That said, if you have a Frontline RTL and want to do a test-fit, I will provide a full refund with postage (both ways) in exchange for photos showing the interference. My email is hot linked here and you can contact me through the Creative Spridgets website, if you'd like to discuss further.
It will be a few days before I can get onto the car for what your asking,,,
im currently stuck on a large house to finish painting and trim replacement with a tight deadline ....work before play :-/
|Prop and the Blackhole Midget|
Thanks, and please take your time. I fully understand how work gets in the way of art!
|Er....why? Most of the energy is dissipated by the front, and rear drums are more than capable to take the rest......|
|He mentions some reasons on his website why people may want to do it. I do not think he implies that they will make a spridget stop any faster under normal conditions. For me ... I guess the attraction would be ease of service and no need to adjust the brakes.|
I do not know if the stock handbrake can exert enough leverage to make the calipers grip better than the drums, but that might be another advantage. I've had to do a few emergency stops after failed hydraulics and the stopping distance with nothing but hand operated rear drums is not very good.
'Why rear discs?' is a years-long debate on this forum (and elsewhere), but I've synopsized the standard reasons as I understand them here: http://www.creativespridgets.com/disc-brakes/#whymountreardiscbrakes
Interestingly, experienced mechanics--who are *least* likely to be daunted by R&Ring shoes--are *most* likely to mention the adjustment-free operation and ease of serviceability that the disc setup offers.
That was actually a big motivating factor for me in designing this conversion. Look at this image, which shows a caliper neatly hinged out of the way and resting on the leaf spring after removing two bolts, and compare in your mind the process of replacing shoes or pulling a stubborn drum to service a hub or half-shaft on OEM brakes: http://www.creativespridgets.com/disc-brakes-1/#brakelines
I also didn't include in the list on the website the factor that seems to motivate lots of people: they look really cool.
Then there's the more intangible stuff, what I like to call 'the hot-rodder factor.' Where I grew up in the U.S. (and I suspect without knowing that people like Prop fall into this category), there was a whole generation who enjoyed modifications done for the sake of being unique, and also just for the fun of diving into them. These guys were the original DIY'ers. I'd imagine this is also true in the UK, though I don't know.
Not that many of those hot-rodder, DIY modifications weren't inspired by their efficacy for racing; they were, at least in part. I'm talking about chopped roofs (aerodynamics), lowered axles (lowered roll center), IRS, etc. But there's a connection between how people feel about their rides, how the car looks and sits on the black top, and an almost visceral feeling one gets driving (or even just sitting in) a car whose guts one has altered with one's own hands, that is immensely satisfying to a certain breed of driver, and which can't be reduced to the net effectiveness of a particular modification.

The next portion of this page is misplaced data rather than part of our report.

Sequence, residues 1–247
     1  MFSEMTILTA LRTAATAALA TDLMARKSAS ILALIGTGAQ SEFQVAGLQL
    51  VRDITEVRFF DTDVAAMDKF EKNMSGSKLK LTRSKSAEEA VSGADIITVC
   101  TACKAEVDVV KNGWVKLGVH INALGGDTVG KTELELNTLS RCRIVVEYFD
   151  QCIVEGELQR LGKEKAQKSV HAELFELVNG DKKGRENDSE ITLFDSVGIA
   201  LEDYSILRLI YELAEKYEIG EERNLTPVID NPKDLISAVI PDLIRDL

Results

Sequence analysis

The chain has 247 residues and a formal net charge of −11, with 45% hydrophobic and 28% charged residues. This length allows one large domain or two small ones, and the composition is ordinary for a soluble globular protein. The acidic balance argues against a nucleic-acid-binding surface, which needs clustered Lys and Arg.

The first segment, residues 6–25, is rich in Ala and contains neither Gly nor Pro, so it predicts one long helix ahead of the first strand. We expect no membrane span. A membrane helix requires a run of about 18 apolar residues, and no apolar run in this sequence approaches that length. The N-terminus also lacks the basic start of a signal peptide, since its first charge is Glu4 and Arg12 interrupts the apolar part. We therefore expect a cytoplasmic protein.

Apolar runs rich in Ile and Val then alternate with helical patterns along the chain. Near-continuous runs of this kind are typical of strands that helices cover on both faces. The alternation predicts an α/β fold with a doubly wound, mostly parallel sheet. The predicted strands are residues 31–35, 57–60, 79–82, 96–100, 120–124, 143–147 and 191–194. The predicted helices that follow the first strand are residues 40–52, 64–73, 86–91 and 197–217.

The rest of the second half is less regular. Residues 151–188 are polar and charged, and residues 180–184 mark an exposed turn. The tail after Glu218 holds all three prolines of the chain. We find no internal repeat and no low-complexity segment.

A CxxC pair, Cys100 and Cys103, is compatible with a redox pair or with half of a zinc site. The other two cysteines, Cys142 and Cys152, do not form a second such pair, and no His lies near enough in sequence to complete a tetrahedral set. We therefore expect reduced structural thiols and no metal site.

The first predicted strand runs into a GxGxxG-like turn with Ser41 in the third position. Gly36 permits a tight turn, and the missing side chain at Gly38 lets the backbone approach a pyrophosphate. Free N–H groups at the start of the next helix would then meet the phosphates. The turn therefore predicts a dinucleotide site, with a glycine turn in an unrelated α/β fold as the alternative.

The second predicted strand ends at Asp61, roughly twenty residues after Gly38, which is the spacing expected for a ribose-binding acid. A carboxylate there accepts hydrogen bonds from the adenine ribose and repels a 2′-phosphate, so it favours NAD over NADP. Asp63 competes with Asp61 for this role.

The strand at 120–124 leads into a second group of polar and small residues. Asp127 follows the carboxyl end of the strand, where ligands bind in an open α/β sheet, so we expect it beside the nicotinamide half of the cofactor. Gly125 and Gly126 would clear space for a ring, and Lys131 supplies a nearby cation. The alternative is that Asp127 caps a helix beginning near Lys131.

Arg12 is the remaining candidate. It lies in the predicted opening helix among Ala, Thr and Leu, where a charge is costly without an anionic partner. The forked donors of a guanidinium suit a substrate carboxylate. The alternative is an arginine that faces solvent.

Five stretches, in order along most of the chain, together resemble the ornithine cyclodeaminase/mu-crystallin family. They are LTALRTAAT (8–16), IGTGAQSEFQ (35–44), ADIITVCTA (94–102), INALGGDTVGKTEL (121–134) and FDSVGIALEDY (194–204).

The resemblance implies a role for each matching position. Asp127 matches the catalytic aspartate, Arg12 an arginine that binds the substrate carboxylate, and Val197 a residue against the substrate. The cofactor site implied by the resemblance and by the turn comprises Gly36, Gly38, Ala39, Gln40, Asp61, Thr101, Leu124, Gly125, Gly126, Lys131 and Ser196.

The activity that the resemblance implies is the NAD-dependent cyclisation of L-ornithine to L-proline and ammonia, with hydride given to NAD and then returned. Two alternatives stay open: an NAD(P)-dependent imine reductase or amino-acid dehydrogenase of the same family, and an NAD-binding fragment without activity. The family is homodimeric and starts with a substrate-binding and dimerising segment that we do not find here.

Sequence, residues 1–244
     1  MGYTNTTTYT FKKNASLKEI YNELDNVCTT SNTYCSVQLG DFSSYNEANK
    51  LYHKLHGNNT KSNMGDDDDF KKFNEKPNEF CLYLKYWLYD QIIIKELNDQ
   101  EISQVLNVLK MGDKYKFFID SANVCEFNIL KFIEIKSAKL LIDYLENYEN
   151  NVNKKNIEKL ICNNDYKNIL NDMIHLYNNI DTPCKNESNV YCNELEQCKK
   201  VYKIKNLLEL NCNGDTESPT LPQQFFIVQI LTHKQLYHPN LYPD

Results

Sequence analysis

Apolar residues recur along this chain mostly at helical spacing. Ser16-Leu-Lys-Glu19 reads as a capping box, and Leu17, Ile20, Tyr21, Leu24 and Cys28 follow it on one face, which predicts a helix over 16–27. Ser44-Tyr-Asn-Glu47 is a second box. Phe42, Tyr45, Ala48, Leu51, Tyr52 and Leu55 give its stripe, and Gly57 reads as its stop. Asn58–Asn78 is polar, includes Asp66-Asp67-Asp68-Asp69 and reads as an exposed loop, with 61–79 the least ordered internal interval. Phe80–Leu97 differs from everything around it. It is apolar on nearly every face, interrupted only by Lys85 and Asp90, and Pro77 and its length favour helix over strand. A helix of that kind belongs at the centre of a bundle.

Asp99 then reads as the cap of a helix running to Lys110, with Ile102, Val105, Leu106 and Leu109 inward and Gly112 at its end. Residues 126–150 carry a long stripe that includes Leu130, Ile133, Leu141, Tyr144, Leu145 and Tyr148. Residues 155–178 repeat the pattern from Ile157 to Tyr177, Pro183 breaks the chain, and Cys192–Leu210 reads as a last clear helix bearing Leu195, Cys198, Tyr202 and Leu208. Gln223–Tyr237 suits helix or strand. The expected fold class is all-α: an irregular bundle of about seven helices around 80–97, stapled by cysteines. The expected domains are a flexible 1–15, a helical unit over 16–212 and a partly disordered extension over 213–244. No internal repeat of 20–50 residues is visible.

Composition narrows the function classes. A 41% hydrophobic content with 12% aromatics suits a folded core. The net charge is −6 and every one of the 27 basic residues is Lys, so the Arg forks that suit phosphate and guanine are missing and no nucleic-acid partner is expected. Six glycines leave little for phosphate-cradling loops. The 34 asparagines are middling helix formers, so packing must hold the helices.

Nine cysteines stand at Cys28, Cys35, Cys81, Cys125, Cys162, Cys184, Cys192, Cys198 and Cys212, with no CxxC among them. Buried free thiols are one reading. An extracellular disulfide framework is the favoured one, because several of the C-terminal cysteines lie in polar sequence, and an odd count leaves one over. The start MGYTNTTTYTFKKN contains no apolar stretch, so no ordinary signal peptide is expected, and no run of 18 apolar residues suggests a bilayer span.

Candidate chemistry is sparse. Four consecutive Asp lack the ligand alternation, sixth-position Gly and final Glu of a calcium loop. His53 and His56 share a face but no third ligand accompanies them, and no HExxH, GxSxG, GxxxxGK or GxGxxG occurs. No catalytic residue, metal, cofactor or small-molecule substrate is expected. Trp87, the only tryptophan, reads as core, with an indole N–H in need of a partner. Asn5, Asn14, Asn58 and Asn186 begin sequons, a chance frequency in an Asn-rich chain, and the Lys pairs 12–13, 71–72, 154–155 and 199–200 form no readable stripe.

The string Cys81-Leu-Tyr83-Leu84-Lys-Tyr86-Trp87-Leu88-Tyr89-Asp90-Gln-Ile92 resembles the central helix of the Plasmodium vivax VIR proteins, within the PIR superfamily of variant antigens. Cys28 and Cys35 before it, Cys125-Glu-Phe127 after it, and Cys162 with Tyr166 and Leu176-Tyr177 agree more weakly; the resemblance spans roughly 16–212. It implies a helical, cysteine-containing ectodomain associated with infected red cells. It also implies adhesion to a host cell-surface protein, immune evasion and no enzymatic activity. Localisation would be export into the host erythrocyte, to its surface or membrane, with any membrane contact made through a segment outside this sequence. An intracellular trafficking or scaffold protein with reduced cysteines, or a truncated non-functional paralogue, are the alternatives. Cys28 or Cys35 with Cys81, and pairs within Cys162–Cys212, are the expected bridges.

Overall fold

In a nutshell, having discs at all four corners is a cool modification for lots of reasons, and for no particular reason at all.
|Sorry, Trevor - I was evidently typing at the same time you were. |
I will say that the disc parking brake *is* more effective than the original setup. Once adjusted, it's two clicks and the car holds firm.
Moreover, the e-brake function actually works now, unlike the original drum arrangement. You actually *can* lock up the rear wheels by pulling on the hand-lever, which has enough feel to let you modulate the rear brakes and stop the car using just the rear wheels.
Note in this regard that this is one reason I chose the Sentra calipers: the parking/e-brake is mechanically actuated, *not* hydraulically actuated as with some rear disc calipers. So, even with total hydraulic system failure, you have *both* a parking brake *and* an e-brake that actually works.
|Hmmm...Hammer and nut springs to mind, even assuming there is a nut to crack in the first place.|
A very complex solution to a very small problem - is maintenance of the rear drums so very difficult?
You're not some sort of engineering consultant by any chance?
|Well, there's your answer Mark. These are not for you.|
|Hey, Prop. I used one of the photos you offered, and it looks great (thanks): http://www.creativespridgets.com/disc-brakes#noteonhydraulics |
No rush on the bias valve photo, but I am curious about where you mounted it, so I can educate people about alternative locations. Mine is right next to the dual-circuit late Spridget master cylinder.
P.S. See the knob? Do NOT leave your brand new bias valve lying around within reach of your Labrador Retriever!
|I prefer mine to be accessible from the drivers seat to make adjustments, but I guess on a street car the need for anything beyond initial setup is not needed.|
This thread was discussed between 23/04/2015 and 27/05/2015
This thread is from the archive. The Live MG Midget and Sprite Technical BBS is active now.